Therefore, the main purpose of the current study was to estimate the glycolytic and aerobic contributions to performance during IET. Because the anaerobic threshold is considered the highest intensity that can be maintained without considerable blood lactate accumulation (Faude et al., 2009), it was hypothesized that the glycolytic system would increase its contribution to total energy expenditure at work rates above the anaerobic threshold.

METHODS

Participants and procedures

Ten male recreational long-distance runners (age 30 ± 4 years, body mass 75.7 ± 7.0 kg, height 1.78 ± 0.06 m, and body fat 15.2 ± 3.8%) volunteered to participate in this study. All subjects were healthy non-smokers with no cardiovascular or neuromuscular diseases. They were not taking regular medication or nutritional supplementation. They had competed regularly in regional competitions and been training for the last two years without interruption. The runners were involved in local 10 km competitions and had personal records of 40 ± 5 min. All runners performed only submaximal continuous aerobic training (50-70% VO2max) and had no previous high-intensity interval training or strength training experience. They were also familiar with exhaustive treadmill running.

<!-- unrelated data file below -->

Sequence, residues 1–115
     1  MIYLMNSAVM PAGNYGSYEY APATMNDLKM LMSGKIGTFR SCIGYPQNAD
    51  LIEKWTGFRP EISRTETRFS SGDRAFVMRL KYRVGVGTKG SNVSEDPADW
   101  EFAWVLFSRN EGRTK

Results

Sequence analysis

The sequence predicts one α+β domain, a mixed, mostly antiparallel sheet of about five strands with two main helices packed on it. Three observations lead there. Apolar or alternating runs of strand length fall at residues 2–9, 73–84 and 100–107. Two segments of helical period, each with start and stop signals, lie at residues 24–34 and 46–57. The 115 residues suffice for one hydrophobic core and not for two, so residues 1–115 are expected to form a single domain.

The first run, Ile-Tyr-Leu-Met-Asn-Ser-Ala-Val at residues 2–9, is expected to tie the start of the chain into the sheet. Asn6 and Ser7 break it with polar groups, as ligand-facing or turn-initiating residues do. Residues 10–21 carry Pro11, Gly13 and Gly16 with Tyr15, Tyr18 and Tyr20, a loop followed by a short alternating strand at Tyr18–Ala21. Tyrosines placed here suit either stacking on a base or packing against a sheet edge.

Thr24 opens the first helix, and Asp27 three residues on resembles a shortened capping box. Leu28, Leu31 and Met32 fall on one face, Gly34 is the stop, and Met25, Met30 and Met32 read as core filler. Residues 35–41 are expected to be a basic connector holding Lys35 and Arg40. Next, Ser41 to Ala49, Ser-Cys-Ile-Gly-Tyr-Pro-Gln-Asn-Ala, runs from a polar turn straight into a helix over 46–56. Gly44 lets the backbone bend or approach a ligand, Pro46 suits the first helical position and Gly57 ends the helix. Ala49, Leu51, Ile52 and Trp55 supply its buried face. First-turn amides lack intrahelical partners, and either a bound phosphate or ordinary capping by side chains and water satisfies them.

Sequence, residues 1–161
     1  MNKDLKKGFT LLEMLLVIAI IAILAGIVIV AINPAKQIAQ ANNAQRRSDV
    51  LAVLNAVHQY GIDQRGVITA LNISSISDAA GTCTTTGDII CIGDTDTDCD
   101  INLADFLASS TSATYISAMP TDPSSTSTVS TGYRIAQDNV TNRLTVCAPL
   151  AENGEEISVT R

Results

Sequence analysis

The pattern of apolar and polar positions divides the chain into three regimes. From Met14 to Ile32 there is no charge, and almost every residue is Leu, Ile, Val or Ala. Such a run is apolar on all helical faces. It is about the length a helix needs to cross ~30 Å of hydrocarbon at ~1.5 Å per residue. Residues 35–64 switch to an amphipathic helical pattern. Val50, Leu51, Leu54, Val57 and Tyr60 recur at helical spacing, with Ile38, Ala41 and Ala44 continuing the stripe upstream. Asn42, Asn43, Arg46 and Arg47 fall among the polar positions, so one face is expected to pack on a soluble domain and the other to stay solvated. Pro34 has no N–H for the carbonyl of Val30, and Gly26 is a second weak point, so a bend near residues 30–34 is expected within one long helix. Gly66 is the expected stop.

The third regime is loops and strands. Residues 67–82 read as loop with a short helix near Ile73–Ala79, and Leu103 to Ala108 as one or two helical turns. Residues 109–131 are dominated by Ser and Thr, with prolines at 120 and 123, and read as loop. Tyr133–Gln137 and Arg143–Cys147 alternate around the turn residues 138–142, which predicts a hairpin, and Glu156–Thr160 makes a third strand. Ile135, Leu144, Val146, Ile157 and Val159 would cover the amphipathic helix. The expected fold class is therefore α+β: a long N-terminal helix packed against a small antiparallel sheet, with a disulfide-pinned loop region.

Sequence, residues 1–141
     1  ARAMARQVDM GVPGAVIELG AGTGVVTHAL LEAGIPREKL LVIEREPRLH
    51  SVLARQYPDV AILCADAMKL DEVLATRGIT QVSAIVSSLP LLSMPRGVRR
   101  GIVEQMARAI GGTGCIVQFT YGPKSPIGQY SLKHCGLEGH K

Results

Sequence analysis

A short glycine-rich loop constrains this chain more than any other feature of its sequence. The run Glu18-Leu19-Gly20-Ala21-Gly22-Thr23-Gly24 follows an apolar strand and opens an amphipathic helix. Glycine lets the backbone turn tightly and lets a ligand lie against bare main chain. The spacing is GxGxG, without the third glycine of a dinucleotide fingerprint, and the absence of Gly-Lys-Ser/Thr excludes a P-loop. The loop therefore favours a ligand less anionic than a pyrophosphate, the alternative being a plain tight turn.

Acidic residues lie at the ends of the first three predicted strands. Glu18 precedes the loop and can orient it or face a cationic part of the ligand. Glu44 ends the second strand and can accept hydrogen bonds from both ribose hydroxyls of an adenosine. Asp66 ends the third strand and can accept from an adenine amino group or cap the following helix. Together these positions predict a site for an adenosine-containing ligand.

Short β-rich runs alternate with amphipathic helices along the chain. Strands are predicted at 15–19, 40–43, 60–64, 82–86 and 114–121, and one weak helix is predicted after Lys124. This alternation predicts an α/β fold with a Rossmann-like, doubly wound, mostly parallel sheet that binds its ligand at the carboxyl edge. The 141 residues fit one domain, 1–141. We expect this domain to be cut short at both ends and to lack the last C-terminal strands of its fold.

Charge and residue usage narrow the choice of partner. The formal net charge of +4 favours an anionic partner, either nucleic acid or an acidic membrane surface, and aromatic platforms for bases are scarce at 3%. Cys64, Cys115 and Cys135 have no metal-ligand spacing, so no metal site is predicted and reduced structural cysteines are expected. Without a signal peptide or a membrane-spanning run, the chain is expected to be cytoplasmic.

The participants received verbal explanations about the possible benefits and risks associated with the study and signed a written informed consent before participating in the study. The IET was conducted during the preparatory training period under normal laboratory conditions (temperature 22 ± 1 °C and relative humidity 50 ± 2%) at the same time of the day to avoid any possible diurnal variation effect on the performance. The subjects were instructed to refrain from exhaustive or unaccustomed exercises and the ingestion of caffeinated or alcoholic beverages for 24 hours before the tests. The procedures were in accordance with the Helsinki declaration of 1975, and the study was approved by the Ethics Committee for Human Studies of the School of Physical Education and Sport of the University of São Paulo.

Incremental exercise test

Before starting the IET, participants were asked to rest quietly in a standing position for five minutes to determine the baseline VO2 (VO2baseline). After a three-minute warm up at 6 km·h−1, the speed was increased by 1.2 km·h−1 every three minutes until volitional exhaustion (Heck et al., 1985). The treadmill (model TK35, CEFISE, Nova Odessa, Brazil) was set at a gradient of 1% throughout the IET to simulate outdoor running (Jones et al., 1996). A three-minute speed increment was chosen because it provides the most reliable and valid submaximal measurement of physiological variables (i.e., blood lactate and oxygen uptake) (Bentley et al., 2007). Subjects received strong verbal encouragement to continue as long as possible.